Using Vertex Buffer Objects (VBO)

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What is a Vertex Buffer Object

A Vertex Buffer Object (VBO for short) is an OpenGL buffer object to buffer vertex data to VRAM so as to make rendering faster. This is similar to display lists in which the display list is cached in VRAM and executed from there, yielding a higher FPS.


Using VBOs, not only is the data already in the VRAM, but generally you can setup the VBO for rendering with a few OpenGL calls, then render one or several primitives with a single OpenGL call. This vastly decreases the necessary communication between CPU and GPU which is so often a large cause for slow programs.


This tutorial is meant to provide a simple introduction to using VBOs.


Vertex Buffer objects differ from display lists, they differ in the sense that display lists cannot be modified dynamically and once the display lists is compiled, you would have to generate a new display list, delete the old one so that the new data can be sent to the card. VBOs have 3 different flavours, static, dynamic and stream, the latter two are designed to handle dynamic data such as animation. However, various reports and benchmarks on the internet show that display lists are faster than static VBOs by a small margin, but the advantages of using VBOs definetly outweigh the disadvantages.


The Extension

VBOs used to be an ARB extension however, as of OpenGL 1.5 they are a core feature. LWJGL being the library it is, provides access to the extension on top of the core features. Since this tutorial in the legacy section, both code utilizing the core and extension will be shown. The official name for the extension is GL_ARB_vertex_buffer_object and the class that represents that extension is org.lwjgl.opengl.ARBVertexBufferObject. It is relatively easy to use and should give your game a solid FPS increase if that extension is supported by the vendor's card. This extension relies heavily on vertex arrays and you should be familiar with vertex arrays before reading this tutorial.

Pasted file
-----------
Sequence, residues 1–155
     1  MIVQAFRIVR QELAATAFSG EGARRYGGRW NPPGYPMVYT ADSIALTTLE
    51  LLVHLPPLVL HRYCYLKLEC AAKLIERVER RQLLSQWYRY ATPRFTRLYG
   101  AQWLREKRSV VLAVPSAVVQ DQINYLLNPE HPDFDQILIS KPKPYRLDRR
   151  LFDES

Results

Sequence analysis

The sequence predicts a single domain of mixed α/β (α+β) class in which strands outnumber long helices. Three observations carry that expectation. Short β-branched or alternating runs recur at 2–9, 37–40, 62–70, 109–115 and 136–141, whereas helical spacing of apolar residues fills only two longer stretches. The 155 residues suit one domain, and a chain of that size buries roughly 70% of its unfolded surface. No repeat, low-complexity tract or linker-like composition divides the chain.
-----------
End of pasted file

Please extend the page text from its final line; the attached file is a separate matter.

Generating a VBO id and buffering

It is relatively easy to generate any OpenGL buffer id, much like a Texture id. The command is glGenBuffers and LWJGL has a convenience form of it as well as the original.

public static int createVBOID() {
    IntBuffer buffer = BufferUtils.createIntBuffer(1);
    GL15.glGenBuffers(buffer);
    return buffer.get(0);
    //Or alternatively you can simply use the convenience method:
    return GL15.glGenBuffers(); //Which can only supply you with a single id.
}

ARB Extension format.

public static int createVBOID() {
  if (GLContext.getCapabilities().GL_ARB_vertex_buffer_object) {
    IntBuffer buffer = BufferUtils.createIntBuffer(1);
    ARBVertexBufferObject.glGenBuffersARB(buffer);
    return buffer.get(0);
  }
  return 0;
}

That id is important, your going to need it when rendering (again, much like a texture id). The next step is the equivalent of initializing the buffer. You must specify the type of the buffer - GL_ARRAY_BUFFER for vertex data (position, normals, colour and tex coords), and GL_ELEMENT_ARRAY_BUFFER for index data. We tend to call index buffers IBOs. (you don't need to use IBOs but generally will but I will explain them later) - and send up the initial data this VBO will contain. If you don't want to send any data for any reason, you can use an empty java Buffer argument but make sure it is the right size. As with any OpenGL object, you must first bind it before you can do anything with it. glBindBuffer(int target, int id). The we use glBufferData(int target, (Float|Int|Byte etc)Buffer data, int usage). In LWJGL, you can use any of the java.nio buffers (provided of coarse that they are direct). Usage is a OpenGL enum which hints to the implementation how this VBO will be used. Enums are: GL_(STATIC | STREAM | DYNAMIC)_(DRAW | READ | COPY). From the OpenGL docs: